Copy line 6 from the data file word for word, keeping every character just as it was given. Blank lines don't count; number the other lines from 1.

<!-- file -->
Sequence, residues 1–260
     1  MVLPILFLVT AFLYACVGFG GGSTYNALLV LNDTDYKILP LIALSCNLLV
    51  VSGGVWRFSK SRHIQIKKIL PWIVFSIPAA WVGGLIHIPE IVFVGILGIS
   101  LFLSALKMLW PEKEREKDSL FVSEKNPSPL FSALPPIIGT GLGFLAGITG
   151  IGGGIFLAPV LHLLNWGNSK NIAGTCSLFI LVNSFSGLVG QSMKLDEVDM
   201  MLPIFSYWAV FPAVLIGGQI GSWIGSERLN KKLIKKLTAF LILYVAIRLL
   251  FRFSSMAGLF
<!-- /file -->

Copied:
   201  MLPIFSYWAV FPAVLIGGQI GSWIGSERLN KKLIKKLTAF LILYVAIRLL